Take one missing, possibly abducted child, one deceased research physicist, one missing Chinese national, one top secret, government-sponsored research project, and one secret possibly black ops force and find the common denominator. All are key components in Measure of Darkness by Chris Jordan.
Measure of Darkness is a suspense thriller centering on the missing, possibly abducted child of the now-deceased research physicist. Dr. Joseph Keener hired renowned child finder Randall Shane to locate his missing son, Joey. The only problem is Shane is wanted for the murder of Dr. Keener. Shane turns to a local private firm to assist him in the search for the missing child. It looks like a routine case until some unknown black ops type force enters the firm's Back Bay headquarters and abducts Shane. The head of this firm is Naomi Nantz, a skillful investigator and coordinator. Ms. Nantz is assisted by Alice Crane - the secretary, Mrs. Beasley - the chef (cook is too plebeian a term for her gastronomic delights), Teddy Boyle - resident computer guy, and Jack Delancey - chief investigator and former FBI agent.
As the team attempts to prove that Shane is innocent and find Joey, they reveal layer after layer of intrigue. Dr. Keener's co-workers and students apparently were not aware that he had a child. There is no record of the child and it appears that his mother is a Chinese national that is also missing. Not a problem, except that Dr. Keener's research company was working on a top-secret, government-sponsored research project. Is it possible that Dr. Keener was killed by a foreign government? Was Joey kidnaped to help keep Dr. Keener in line? Just when the team thinks they have a grasp on the situation more dead bodies appear. If dead bodies aren't bad enough, there are apparent ties to a federal case from Jack's past. There are too many things occurring for these to be coincidental.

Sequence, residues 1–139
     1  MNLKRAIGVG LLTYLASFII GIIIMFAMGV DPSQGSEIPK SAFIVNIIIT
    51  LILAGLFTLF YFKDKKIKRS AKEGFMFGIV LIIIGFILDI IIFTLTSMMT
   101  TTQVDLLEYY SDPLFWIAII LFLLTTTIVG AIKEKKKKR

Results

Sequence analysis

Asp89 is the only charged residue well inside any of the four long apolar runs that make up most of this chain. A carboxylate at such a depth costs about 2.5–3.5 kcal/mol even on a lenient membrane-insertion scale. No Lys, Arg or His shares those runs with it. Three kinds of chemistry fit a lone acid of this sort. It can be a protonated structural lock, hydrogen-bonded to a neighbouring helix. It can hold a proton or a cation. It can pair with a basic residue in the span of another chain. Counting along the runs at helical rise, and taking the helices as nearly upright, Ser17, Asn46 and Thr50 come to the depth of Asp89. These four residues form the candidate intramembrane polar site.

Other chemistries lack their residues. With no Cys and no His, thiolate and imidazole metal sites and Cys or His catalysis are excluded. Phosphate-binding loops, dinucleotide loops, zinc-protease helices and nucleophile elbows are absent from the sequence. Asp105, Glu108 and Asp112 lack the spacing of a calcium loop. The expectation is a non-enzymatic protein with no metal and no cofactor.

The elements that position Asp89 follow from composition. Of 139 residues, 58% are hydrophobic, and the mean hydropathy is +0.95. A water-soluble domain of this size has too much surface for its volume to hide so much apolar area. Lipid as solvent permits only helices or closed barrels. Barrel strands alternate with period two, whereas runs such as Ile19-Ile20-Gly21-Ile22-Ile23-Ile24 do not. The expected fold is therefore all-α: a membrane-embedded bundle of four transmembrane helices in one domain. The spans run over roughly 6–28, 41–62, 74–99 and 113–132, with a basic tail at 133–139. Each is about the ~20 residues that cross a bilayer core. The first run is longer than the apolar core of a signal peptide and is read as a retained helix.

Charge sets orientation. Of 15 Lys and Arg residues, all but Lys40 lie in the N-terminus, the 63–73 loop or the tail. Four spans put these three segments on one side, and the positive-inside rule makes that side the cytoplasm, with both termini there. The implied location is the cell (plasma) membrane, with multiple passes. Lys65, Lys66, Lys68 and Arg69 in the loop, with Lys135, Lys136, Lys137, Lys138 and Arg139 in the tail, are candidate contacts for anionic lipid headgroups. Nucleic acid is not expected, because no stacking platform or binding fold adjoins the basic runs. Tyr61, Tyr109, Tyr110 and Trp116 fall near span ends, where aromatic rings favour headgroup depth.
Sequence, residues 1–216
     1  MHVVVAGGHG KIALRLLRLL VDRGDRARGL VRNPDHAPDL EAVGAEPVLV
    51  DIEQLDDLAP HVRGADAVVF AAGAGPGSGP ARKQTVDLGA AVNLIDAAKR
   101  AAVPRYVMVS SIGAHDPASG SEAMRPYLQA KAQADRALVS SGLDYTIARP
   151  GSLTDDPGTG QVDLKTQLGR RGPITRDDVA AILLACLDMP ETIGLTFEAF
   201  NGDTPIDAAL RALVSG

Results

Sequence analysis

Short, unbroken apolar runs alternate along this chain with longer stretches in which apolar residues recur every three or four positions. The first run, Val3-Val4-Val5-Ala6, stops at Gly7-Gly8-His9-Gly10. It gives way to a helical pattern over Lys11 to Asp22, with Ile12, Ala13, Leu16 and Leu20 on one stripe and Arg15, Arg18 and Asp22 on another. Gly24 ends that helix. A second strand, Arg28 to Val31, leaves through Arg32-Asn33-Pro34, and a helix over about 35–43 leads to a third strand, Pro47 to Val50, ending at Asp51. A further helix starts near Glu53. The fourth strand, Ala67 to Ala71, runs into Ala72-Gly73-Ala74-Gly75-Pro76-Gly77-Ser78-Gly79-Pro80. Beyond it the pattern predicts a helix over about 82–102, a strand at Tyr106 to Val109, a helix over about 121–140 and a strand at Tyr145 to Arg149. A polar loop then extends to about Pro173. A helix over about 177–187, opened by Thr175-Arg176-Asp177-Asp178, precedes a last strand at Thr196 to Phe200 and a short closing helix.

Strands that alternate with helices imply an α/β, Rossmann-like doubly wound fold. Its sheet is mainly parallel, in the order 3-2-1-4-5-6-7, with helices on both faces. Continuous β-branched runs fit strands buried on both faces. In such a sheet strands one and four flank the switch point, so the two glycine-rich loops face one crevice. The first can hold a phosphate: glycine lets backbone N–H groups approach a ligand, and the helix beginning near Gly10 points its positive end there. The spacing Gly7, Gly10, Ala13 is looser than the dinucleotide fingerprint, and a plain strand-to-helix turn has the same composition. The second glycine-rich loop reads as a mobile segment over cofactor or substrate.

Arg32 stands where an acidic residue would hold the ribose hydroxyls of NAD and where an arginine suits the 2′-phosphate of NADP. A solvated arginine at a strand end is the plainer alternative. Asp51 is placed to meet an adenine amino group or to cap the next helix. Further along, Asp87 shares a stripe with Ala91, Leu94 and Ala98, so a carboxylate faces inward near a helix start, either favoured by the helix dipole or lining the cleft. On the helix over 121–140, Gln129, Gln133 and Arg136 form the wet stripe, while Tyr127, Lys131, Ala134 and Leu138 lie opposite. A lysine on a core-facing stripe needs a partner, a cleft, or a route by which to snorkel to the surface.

Measure of Darkness provides a great premise as a suspense thriller. There are numerous twists and turns in the plot to keep the reader involved, but parts of the plot seem mired in the secretive black ops/government conspiracy theme. Although this theme may seem farfetched, it works. Naomi Nantz seems to be a combination of Hercule Poirot sans the mustache and accent and Columbo sans the wrinkled trench coat. Although she isn't a field-agent per se, she does quite well at being able to step back and see the big picture. The narrative is told from the point of view of Alice, and I think that this helps to keep the story grounded as Alice isn't wealthy or a genius but simply a hard-working, intelligent young woman that has survived hardships. If you're in the market for a fast-paced suspense thriller that is also a quick read, then Measure of Darkness may be just the book for you.
Disclaimer: I received this book free for review purposes from the publisher through NetGalley. I was not paid, required or otherwise obligated to write a positive review. The opinions I have expressed are my own. I am disclosing this in accordance with the Federal Trade Commission's 16 CFR, Part 255: "Guides Concerning the Use of Endorsements and Testimonials in Advertising."